He said, “You know, we could maybe get you a book deal out of this,” and I said, “Great,” but both of us were thinking compilation books. I don’t think either of us were thinking chapter books, but inevitably out in the publishing world people were thinking “Hey…”
So when I got my offer from HarperCollins to do chapter books, one of the things that Jeff and I talked about was Jeff saying, “I would be horrified if people thought you were ripping off Wimpy Kid because Big Nate has been around for all these years.” And I said, “I feel like the books I have in mind are going to be different enough from Wimpy Kid that people won’t see me as ripping you off.” And I think that’s largely been true. A lot of times when people review my books, they’ll say if your kids love Wimpy Kid, they’ll like Big Nate. They’ll make the inevitable comparisons, but I don’t think that anyone has connected those dots and said that, “Oh, Lincoln Peirce saw what Jeff Kinney had done and tried to cash in.” For me, it’s been great. It’s created a whole new audience for Big Nate.
WCP: I’m glad to hear that, because a lot of comic strips are just not clicking with kids anymore.
LP: It’s true. Sad to say, it’s true.
WCP: Speaking of the book collections, you were putting out standard collections for a while?
WCP: No? You didn’t do any of those? They’ve always been the odd-size ones?
LP: No, what happened in the very early days of Big Nate, United Media had a little in-house publishing imprint called Pharos Books. Back then, they would put out their own collections of basically all their strips. So I put out a collection in 1992 of the first year’s worth of Big Nate strips and then 16 or 17 years went by with nothing. So during all that time, I was in the newspapers, I was making a living, but if you walked down the street just about anywhere in the US, especially big cities, and asked “What do you think of Big Nate?” no one would have had any idea of who you were talking about. It wasn’t in the big papers, it wasn’t in reprint books… it had a following, but I would find myself thinking, “Is there anyway to grow this thing?” That’s why the Poptropica thing was manna from heaven, because I wouldn’t have been able to concoct a way to get Big Nate in front of so many eyeballs as Poptropica did.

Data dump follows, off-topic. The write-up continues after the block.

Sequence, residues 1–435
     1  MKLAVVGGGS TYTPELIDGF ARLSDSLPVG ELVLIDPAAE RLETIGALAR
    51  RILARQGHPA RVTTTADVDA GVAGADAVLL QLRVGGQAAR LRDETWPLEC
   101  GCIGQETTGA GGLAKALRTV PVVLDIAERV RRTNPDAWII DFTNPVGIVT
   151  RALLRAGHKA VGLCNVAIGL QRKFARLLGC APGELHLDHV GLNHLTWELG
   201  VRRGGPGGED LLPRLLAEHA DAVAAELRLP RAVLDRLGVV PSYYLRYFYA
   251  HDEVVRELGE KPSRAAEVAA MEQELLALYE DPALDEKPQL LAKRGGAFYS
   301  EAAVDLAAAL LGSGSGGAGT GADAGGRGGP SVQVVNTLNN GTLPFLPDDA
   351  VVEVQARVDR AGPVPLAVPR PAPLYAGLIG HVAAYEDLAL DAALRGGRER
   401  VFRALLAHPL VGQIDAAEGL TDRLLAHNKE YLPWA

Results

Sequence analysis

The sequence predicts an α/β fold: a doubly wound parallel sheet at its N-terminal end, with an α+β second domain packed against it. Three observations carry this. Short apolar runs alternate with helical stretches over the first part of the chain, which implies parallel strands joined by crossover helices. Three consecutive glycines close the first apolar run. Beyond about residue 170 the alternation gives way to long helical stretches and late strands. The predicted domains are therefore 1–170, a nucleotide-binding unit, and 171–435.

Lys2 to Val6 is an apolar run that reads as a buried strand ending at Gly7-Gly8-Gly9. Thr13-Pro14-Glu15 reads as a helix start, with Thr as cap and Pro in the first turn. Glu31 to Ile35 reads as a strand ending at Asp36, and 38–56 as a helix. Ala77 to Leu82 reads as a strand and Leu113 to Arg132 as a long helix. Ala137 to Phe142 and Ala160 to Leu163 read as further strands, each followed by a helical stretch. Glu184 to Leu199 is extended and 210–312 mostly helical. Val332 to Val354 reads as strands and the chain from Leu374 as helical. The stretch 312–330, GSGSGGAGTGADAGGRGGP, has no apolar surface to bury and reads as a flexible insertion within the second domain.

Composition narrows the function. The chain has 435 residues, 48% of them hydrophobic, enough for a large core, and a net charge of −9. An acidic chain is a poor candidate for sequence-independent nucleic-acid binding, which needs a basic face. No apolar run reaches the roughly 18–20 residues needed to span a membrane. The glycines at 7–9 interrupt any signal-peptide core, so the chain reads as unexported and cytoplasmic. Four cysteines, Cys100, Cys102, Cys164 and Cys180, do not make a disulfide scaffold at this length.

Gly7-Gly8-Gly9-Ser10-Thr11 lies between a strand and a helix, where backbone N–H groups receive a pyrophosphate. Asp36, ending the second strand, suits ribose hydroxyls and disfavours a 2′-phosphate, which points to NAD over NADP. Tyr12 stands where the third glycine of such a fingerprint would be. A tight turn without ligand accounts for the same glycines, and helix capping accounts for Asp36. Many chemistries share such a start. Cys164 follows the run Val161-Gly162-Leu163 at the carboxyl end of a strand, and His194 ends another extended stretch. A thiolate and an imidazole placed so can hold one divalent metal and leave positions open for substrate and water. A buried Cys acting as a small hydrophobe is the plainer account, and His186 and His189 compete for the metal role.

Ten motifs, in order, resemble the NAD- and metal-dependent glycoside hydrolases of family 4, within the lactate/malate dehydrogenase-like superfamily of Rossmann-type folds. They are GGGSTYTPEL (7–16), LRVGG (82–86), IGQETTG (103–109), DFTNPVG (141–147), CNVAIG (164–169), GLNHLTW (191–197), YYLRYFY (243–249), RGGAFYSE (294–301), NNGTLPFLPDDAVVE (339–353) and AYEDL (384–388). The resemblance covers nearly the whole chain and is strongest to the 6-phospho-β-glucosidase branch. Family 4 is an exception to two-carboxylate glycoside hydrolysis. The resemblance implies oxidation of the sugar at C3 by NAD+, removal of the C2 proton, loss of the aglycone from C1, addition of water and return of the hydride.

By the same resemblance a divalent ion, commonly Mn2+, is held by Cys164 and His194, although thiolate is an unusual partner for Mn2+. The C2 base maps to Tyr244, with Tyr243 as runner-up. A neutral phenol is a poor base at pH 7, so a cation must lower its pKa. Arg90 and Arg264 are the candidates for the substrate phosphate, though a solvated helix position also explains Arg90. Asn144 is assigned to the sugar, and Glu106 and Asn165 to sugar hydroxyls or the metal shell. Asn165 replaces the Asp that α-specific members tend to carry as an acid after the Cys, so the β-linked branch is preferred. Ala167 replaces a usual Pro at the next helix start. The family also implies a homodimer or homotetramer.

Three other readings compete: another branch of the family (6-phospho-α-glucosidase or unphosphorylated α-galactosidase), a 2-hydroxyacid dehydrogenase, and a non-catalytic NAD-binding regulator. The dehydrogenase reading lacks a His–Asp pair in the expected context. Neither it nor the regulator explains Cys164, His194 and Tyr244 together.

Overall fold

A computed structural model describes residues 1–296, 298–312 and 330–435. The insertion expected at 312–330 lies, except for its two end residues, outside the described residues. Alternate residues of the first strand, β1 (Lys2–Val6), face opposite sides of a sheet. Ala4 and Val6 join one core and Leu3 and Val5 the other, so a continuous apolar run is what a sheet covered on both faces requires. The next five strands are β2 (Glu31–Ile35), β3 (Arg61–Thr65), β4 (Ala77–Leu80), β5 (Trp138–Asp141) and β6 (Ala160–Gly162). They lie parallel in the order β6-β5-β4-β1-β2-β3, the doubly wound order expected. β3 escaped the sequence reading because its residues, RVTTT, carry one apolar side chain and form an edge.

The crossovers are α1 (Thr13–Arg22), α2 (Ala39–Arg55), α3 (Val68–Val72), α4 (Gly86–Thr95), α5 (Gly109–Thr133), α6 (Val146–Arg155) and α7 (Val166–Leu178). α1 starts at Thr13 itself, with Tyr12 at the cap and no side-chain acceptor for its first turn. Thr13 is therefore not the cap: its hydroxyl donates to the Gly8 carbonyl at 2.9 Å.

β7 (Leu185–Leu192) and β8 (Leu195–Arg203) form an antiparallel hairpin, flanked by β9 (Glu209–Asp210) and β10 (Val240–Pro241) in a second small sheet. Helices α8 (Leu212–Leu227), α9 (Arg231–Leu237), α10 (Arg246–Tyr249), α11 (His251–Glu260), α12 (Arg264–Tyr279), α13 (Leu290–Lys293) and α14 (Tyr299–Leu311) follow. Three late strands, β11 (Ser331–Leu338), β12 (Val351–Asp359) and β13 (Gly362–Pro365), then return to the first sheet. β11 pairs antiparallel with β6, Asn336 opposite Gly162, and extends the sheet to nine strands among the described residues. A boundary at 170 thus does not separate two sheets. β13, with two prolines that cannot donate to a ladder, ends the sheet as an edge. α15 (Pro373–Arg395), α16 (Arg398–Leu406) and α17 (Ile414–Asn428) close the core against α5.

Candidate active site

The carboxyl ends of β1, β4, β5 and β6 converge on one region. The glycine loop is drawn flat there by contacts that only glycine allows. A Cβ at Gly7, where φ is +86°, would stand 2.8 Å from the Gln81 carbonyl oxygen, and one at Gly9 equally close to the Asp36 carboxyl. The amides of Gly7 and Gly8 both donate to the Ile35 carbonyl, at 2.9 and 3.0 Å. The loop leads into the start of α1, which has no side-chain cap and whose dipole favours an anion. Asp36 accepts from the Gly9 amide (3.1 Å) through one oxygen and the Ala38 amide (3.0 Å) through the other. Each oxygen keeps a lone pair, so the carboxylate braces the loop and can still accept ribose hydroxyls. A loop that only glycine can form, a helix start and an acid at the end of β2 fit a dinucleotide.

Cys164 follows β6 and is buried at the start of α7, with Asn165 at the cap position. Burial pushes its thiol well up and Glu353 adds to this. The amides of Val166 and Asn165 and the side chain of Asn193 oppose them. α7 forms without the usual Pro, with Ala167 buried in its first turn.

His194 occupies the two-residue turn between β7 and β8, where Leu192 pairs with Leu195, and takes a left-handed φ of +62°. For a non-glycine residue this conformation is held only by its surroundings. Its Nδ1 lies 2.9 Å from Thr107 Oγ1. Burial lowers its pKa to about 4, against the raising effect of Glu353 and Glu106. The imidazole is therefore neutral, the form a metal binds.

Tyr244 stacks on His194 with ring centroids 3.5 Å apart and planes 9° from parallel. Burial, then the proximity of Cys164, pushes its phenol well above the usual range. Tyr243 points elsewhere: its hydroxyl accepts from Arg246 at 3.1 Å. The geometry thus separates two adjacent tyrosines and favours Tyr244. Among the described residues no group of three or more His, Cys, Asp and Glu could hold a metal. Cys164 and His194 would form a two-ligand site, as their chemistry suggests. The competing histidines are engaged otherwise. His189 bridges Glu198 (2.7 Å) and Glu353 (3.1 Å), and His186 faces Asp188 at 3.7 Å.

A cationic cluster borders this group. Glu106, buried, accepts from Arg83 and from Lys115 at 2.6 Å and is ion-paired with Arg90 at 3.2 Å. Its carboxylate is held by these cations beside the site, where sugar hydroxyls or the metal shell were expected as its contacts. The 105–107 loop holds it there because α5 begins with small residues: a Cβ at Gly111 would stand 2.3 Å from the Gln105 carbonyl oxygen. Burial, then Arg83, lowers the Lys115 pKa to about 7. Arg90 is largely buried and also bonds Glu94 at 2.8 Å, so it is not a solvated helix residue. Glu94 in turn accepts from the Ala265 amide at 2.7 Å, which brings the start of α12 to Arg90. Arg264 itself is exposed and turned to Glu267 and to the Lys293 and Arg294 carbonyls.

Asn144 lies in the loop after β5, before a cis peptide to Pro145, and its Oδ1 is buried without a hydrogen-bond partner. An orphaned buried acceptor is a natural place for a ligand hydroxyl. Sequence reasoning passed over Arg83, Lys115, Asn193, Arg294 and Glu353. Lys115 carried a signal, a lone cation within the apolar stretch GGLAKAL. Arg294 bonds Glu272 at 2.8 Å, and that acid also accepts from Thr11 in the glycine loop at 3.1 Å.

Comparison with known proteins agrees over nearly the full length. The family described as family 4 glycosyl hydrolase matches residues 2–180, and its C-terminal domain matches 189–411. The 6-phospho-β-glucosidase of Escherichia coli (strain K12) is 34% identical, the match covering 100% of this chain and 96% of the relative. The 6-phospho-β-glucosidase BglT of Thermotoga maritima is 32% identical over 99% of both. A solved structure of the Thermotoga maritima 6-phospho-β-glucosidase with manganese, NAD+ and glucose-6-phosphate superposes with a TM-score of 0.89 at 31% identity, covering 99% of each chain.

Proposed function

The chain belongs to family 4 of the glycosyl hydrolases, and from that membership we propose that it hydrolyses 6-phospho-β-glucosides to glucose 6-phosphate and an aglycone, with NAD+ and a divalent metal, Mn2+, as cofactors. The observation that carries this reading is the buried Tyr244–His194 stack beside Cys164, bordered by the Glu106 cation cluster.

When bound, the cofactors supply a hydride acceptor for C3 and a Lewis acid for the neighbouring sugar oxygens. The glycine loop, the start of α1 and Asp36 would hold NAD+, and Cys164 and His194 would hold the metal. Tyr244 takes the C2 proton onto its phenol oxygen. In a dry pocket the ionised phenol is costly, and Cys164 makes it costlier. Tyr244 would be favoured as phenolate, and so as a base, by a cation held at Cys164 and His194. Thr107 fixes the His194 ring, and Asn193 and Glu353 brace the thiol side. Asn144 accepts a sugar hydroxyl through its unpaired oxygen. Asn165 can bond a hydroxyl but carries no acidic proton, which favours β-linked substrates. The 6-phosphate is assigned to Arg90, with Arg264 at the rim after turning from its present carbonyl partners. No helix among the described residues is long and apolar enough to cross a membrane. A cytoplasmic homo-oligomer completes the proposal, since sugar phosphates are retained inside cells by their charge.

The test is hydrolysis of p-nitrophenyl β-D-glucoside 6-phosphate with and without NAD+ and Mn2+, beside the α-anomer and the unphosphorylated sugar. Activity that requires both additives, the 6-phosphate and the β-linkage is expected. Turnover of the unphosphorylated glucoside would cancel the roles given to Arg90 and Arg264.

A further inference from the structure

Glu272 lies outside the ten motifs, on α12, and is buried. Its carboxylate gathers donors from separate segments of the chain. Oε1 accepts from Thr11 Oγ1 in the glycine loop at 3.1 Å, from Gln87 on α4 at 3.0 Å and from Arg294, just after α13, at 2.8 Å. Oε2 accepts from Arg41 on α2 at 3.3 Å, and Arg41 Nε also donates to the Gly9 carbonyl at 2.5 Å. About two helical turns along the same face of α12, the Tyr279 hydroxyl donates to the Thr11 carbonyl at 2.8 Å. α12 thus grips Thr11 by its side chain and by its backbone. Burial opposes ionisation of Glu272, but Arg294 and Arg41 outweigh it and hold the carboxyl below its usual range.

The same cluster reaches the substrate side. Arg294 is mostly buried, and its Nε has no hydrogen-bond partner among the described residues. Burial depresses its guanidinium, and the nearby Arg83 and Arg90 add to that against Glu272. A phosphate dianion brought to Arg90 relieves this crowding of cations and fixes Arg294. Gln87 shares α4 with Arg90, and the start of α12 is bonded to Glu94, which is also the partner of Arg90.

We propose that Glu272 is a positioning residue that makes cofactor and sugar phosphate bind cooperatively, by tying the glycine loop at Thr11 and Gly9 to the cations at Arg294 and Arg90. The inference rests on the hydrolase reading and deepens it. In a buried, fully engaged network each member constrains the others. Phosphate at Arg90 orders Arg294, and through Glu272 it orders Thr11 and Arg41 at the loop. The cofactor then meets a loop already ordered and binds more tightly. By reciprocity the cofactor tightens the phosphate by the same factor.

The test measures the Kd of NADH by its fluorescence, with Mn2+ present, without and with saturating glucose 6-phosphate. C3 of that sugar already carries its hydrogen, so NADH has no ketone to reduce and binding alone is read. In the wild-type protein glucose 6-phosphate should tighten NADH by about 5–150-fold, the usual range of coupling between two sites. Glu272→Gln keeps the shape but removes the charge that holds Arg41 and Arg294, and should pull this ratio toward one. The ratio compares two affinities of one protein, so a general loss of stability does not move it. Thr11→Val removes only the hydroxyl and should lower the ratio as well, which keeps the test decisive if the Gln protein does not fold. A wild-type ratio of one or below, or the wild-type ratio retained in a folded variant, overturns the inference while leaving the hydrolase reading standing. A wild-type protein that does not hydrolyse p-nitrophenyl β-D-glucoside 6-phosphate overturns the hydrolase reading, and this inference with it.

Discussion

WCP: Would you say the smaller and thicker format of your collections is more successful than the standard ones because of your audience?
LP: I know that the Big Nate books are Andrews McMeel’s best-selling compilations now.
WCP: Regarding the musical, this was not your idea? They approached you?
LP: Right. I was approached and, as I think I said to Michael Cavna, I was initially a little skeptical but I think they did a great job. I consulted a little bit on the script and the dialogue, but I didn’t fuss with the songs at all. Once I wrapped my head around the fact that there’s going to be adults playing these roles, which took me all of about 15 seconds to get over that, I thought they did a great job.
WCP: A local interest question—-you did a run of strips for Richard Thompson‘s Cul de Sac when he was starting to have more trouble with Parkinson’s. How did that happen? Did someone from the syndicate approach you?
LP: From the syndicate. John Glynn, who is our editor there, sent out an email to six of us and said, “You’re the people who are Richard’s wish list for people who might pitch in while he’s getting back to it. Let us know if you can do a Sunday, or a week’s worth of dailies.” I said I could do a Sunday and a week’s worth of dailies, and then it was just a matter of trying to do something… Richard set the highest bar that there is, so I just wanted to do something that fans of Cul de Sac wouldn’t think was just an absolute abomination. I was happy with how it came out. I did a couple of strips about Petey and his shoebox dioramas, some about March coming in like a lion and out like a lamb, and a Sunday page that was about an ice cream truck. I’ve only met Richard in person a couple of times. I don’t know him well, but he’s a huge hero of mine. He’s one of the greatest cartoonists ever. I put him in the pantheon with Charles Schulz, Bill Watterson… to me, he’s one of the greatest ever.